Top 25%

WebAIM’s analysis of the accessibility of the top million homepages came out the other day, and we made the top 25% for the first time. That puts us as #7 in the state for Community Colleges, #13 for Oregon public colleges. Well done SOU for being the highest ranked college in the state!

That’s two successive improvements to our rank. Hopefully we’ll move up quite a bit post redesign! See our entry on WebAIM’s site.

More accessible phone numbers

In the last post, I learned that not only does phone number format matter from an SEO perspective, but phone numbers can be really annoying to the blind. Depending on the screen reader, a phone number like 541-463-3000 could be read as “five hundred forty-one dash four hundred sixty-three dash three thousand”. That seems terribly annoying.

I started out trying to implement the solution at the end of this blog post, but then my curiosity got the best of me, and I got digging deep into CSS speech modules. It looks like support is limited even though they’re so cool! But the limited support means I’m going to stay away.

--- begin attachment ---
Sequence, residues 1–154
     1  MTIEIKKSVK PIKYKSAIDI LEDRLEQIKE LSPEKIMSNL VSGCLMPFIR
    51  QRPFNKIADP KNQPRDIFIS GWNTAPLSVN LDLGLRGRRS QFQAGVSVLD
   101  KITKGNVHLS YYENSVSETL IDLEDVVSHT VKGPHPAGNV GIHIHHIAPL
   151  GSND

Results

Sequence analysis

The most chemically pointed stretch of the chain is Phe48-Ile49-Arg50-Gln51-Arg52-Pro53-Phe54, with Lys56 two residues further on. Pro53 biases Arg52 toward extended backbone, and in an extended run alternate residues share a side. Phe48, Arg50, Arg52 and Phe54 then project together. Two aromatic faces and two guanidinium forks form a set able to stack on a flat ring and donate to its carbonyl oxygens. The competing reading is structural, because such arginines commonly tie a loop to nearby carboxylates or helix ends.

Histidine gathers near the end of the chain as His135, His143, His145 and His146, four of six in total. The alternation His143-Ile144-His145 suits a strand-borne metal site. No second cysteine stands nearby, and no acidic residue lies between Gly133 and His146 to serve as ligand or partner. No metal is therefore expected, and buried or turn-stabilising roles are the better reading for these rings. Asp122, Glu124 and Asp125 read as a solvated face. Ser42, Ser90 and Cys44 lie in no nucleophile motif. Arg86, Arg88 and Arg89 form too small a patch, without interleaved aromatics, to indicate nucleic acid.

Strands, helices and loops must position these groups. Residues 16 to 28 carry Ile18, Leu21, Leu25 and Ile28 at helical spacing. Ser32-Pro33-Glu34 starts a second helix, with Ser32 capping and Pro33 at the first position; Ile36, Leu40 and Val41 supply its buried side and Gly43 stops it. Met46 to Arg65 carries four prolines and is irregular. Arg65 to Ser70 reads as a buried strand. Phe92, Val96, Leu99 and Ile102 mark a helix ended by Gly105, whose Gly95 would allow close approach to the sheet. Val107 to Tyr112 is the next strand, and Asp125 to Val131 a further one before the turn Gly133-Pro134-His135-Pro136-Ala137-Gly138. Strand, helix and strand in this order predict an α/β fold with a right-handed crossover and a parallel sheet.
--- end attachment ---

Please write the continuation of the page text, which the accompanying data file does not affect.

Instead, we’re back to the regular expressions replacements, using the Drupal custom filter module. Currently, we look for

/\((\d{3})\) (\d{3}-\d{4})/

And then replace it with

 <a class="telephone_link" href="tel:+1-${1}-${2}">${0}</a>

Over the last few days, we’ve changed that to grab each number individually:

/\(((\d)(\d)(\d))\) ((\d)(\d)(\d)-(\d)(\d)(\d)(\d))/

and replace it with something much, much longer:

<a class="telephone_link" href="tel:+1-${1}-${5}" aria-label="${2} ${3} ${4}. ${6} ${7} ${8}. ${9} ${10} ${11} ${12}">${1}-${5}</a>

It’s a bit of an ugly regular expression, but not only will this hopefully make a better experience for screen reader users, it’ll also introduce a new phone number format as currently recommended by the AP: 541-463-3000.

Does phone number format matter?